It’s good to know that scientists have been invited back to the government’s decision making table. After years of being ignored by the Bush Administration (think snowmobiles in Yellowstone despite Park Service findings that they are harmful to wildlife and air quality), it appears government scientists are already getting some well-deserved respect from the Obama Administration.
At The Wilderness Society, our scientists have been cheered by administration pledges to bring science back. And already, the new administration has shown a number of promising signs that it’s offering more than lip service to the restoration of science in policy decisions affecting the environment and wildlife.
For example, in January, Obama bought some time to more fully review protection of grey wolves in the Rockies by staying a Bush attempt to remove federal protection. In February, Secretary of Interior Ken Salazar announced the rescinding of land leases for oil shale development until more thought can be put into the large amounts of energy and water required to develop this dirty fuel.
The undermining Bush regulation–one of many disturbing environmental rollbacks of his lame duck era—ended requirements for federal agencies to consult independent scientists at the Fish and Wildlife Service or National Marine Fisheries Service when planning projects that could affect critical habitat for species, such as the construction of a road through a forest.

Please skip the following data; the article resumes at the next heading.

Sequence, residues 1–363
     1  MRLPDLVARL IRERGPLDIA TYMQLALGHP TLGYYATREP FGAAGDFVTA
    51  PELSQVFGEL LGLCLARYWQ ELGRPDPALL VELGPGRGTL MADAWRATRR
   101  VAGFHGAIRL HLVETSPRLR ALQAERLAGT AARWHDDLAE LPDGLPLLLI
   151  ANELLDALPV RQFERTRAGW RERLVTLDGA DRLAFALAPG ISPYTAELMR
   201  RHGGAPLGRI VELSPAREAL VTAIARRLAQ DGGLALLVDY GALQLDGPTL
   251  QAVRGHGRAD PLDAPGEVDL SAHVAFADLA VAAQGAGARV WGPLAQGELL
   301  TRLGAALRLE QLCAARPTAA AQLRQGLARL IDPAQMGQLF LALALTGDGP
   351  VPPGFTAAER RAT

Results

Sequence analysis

The Bush move was passed off as an assist to “interagency cooperation,” which sounds ok on paper, but the reality is that it gave federal agencies with limited ecological expertise the ability to determine if projects they had a stake in could move forward. It was equivalent to letting hurried airline passengers bypass security; while they might arrive at the gate faster, I’m not so sure I would want to be on that plane.
The Bush regulation also had global warming implications in that it took away the government’s ability to consider a project’s greenhouse gas emissions and their effect on habitat. So, under the Bush regs for example, federal agencies would not have to consider the destructive effects of pollution on the icy habitat that polar bears and walruses depend on for survival.
Now, with Obama’s reversal of the regulation, federal scientists will rightfully regain their voice, and the nation will be better advised about activities that further imperil plant and animal species struggling to survive.
What a relief to see this bad idea reversed and the power of science restored.
By Laura Bailey